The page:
Though the towering trio (Sean is 6 foot, 8 inches; Cole is 6 foot, 6 inches; Aiden is 6 foot, 4 inches) have always been connected by basketball, the two younger Muilenburgs are making their bones on the football field. Cole is a two-time All-South Sound Conference tight end and defensive end for the Seahawks football team, but a severe leg injury that shortened his junior season also slowed all the momentum he was gaining with Division I college recruiters.
“The phone stopped ringing,” Sean said about his son’s injury that also caused him to miss last basketball season. “It’s tough for a 17-year-old boy to grasp that all of the sudden he isn’t ‘the man.’ But I think that he’ll be a better college player now because he had to work even harder for it.”
Cole is now weighing offers to play collegiately at smaller schools like Eastern Oregon, Culver-Stockton, Linfield and Whitworth, but recently got his first Division I offer from Valparaiso in Indiana. He said he’ll make a decision by June.
Aiden also saw some varsity time on the football field at linebacker and wide receiver last season. He’ll be spending the next three years honing his crafts on the field and on the court. Aiden already has the height but is working out four days a week and pounding down tuna fish and PB&Js to add some bulk to his thin frame.
“This year was special for us,” Sean said about himself and his wife, Stephanie. “We get to see them both out there competing together (in football and basketball) at a very high level.”
Whether on the hardwood or the gridiron, the Muilenburg sons are taking in all the advice and knowledge they can from their dad, who is no stranger to playing sports at the next level.
Sean was a standpoint prep basketball player at Redmond High School where he helped his team to a third-place finish at state in the early 1990s. His court skills led him to play ball at Olympic College in Bremerton and eventually Central Washington. He later played professionally overseas in Portugal, New Zealand, Malaysia and China, and was part of semi-professional teams like the Seattle Mountaineers and Everett Explosion.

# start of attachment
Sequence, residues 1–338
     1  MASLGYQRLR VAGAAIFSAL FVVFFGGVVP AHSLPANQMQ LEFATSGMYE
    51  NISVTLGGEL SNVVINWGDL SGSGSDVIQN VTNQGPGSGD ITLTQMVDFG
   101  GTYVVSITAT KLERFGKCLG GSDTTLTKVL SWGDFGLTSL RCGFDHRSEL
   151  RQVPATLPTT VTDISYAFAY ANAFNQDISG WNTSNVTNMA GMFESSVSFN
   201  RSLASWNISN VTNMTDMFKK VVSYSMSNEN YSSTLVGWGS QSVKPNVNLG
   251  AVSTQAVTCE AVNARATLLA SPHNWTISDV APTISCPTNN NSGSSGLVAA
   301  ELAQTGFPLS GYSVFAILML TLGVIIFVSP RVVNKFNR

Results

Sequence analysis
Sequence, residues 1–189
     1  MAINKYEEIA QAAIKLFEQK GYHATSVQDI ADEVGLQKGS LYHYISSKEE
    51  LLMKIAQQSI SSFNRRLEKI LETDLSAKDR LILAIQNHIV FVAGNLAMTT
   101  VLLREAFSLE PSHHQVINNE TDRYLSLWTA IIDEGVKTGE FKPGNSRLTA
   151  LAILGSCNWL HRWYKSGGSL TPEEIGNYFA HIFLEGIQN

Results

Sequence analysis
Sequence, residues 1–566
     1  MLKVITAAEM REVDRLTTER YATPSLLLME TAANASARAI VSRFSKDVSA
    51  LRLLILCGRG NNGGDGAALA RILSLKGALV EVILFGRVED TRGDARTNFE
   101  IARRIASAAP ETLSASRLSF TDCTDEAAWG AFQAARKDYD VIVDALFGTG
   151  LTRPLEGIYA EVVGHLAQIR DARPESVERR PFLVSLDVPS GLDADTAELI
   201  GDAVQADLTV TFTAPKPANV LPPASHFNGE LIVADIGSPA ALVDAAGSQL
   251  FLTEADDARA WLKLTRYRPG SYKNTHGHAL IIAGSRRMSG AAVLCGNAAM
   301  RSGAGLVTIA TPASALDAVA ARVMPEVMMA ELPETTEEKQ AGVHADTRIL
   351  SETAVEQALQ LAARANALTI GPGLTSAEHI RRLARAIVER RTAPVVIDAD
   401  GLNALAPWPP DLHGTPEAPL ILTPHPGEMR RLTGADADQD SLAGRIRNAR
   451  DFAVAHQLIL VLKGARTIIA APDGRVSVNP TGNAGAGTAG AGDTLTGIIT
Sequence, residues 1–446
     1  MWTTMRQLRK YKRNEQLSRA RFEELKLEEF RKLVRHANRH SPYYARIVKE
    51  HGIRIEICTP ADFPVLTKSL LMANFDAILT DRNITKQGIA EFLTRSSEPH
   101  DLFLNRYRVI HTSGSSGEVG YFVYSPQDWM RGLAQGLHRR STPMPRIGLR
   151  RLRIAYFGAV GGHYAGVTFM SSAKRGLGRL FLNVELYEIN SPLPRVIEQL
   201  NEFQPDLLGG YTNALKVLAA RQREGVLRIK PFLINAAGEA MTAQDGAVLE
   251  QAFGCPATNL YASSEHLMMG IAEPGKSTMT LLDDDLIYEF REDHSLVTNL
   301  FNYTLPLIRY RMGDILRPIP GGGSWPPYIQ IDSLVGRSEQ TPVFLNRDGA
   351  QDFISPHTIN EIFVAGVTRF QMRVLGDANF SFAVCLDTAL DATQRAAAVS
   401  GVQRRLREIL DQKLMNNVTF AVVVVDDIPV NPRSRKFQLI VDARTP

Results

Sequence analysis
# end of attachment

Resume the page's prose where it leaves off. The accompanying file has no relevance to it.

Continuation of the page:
“It’s amazing — it’s so helpful that he has all this experience,” Cole said. “He already knows the stresses that come with being an athlete.”
The Seahawks have their final home game of the season Feb. 1 against crosstown rival Gig Harbor. The Muilenburgs are facing the realization that it is likely their last game together in the PHS gym. It will be the toughest on Cole; it is the last time he will get to play with his younger brother and the last game he’ll play for the guy in his life whom he has called coach as much as he has called dad.
“I don’t really want to think about it yet. To say it’s going to be my last game with my dad is crazy.”
The end of the season means more family time, more fishing together, more trips to the family cabin on Whidbey Island, and more visits to Galaxy Theater together. As for Sean, he plans on coaching the Seahawks at least through Aiden’s senior season. That is, unless Alexis, who will be a freshman at that time, cons him into helping coach her basketball teams.